MARCANO: Gambling is here, and it’s not going away



You can’t escape it.

Legalized sports gambling ads in Ohio have become as common as soda pop promotions. They’re on social media, television, and radio, tempting fans to place a bet on their favorite team.

Effective Jan. 1, 2023, bettors in Ohio can legally place wagers online or in certain retail establishments. Don’t worry about knowing where to find these sportsbooks; they’ll find you. Look at all the promotions with tempting free play, free cash, and other offers.

Gambling equals big business and big money. Ohio could bring in an additional $31 million in tax revenue through June 2024, according to the Ohio Legislative Service Commission. Sports gambling licensing fees in 2022 could add another $32 million, according to Play Ohio, which covers legal gambling. Play Ohio also projects Ohioans could place $8 billion in bets in 2023.

The financial windfall obscures the potential human costs of legalized gambling.

Ohio for Responsible Gambling estimates that more than 76,000 Ohioans are high-risk problem gamblers and another 919,000 problem gamblers. Gambling can lead to alcoholism, depression, and PTSD, the group noted.

Colleen Oakes worries about the damage that sports betting will do. She’s the coalition manager for the Montgomery County Prevention Coalition, which seeks to prevent substance misuse and promote positive mental health.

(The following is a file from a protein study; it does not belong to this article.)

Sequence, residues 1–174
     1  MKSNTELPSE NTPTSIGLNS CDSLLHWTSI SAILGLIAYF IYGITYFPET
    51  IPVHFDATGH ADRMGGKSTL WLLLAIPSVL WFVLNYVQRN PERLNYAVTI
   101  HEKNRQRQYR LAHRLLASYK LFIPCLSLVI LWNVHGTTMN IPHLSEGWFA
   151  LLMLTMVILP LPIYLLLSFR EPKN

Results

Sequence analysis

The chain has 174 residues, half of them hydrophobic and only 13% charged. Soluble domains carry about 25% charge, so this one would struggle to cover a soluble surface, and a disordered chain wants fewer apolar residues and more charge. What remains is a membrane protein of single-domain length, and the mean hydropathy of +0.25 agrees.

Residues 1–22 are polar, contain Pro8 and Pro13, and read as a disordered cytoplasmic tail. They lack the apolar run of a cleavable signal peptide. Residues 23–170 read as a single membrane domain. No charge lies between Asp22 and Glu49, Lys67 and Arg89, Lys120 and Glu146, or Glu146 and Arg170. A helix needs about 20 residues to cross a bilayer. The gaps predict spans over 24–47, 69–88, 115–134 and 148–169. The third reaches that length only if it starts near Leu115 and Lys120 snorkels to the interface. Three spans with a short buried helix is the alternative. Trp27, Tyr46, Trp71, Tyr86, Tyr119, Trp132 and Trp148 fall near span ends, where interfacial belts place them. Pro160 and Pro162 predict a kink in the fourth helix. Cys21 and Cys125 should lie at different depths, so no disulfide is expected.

“It can be just as addictive as regular gambling, and my concern is that people are going to be doing this alone, with very little support, from their couches,” she said.

Sports gamblers can wager on everything from the point spread to the number of touchdowns thrown in a game to the number of walks in the baseball game. With sports, some people fool themselves into believing they’re not really gambling.

“People think of sports gambling as being skills-based because I know so much about this player, about this team,” Oakes said. “To them, it’s not gambling because you’re not just pulling the slot machine. It’s your knowledge. It’s a skills-based game at that point, so that also changes the way that they think about that addictive behavior.”

I’m a huge and informed sports fan and can’t predict, with any certainty, the over-under in an NBA game or the number of targets and catches in an NFL game. There are too many variables.

As Oakes noted, sports fans think they know their teams, but they don’t. Ohio State was an eight-point favorite against Michigan with an over-under of 56. If I gambled, which I don’t, I would have taken the points and the under and lost as badly as the Buckeyes. The Big Game, by the way, took in 10.2 million bets nationwide. Imagine what that’s going to do in Ohio.

States like Illinois, Pennsylvania, and New York reported that calls to their gambling hotline doubled after instituting legalized gambling, Oakes said. Michigan and Connecticut reported receiving three times the number of calls.

Oakes also worries about teenagers tempted to gamble, and that’s a significant problem in Ohio. According to Change the Game, which focuses on youth gambling, 65% of 14 to 21-year-olds are at risk for problem gambling. Yes, you’re supposed to be 21 to place a sports bet, but it’s easy to lie about your age when you download an app.

Gambling is here, and it’s not going away. There’s too much money at stake, and states are always looking for other streams of revenue.

Ohio does a good job of reminding gamblers of the free services available to help them if they need them. Just google “Ohio gambling hotline,” and dozens of services come up, most of which provide the phone number of the Ohio Problem Gambling Hotline (1-800-589-9966).

Don’t be afraid to call the number if you need it.

Ray Marcano’s column appears on these pages each Sunday. He can be reached at

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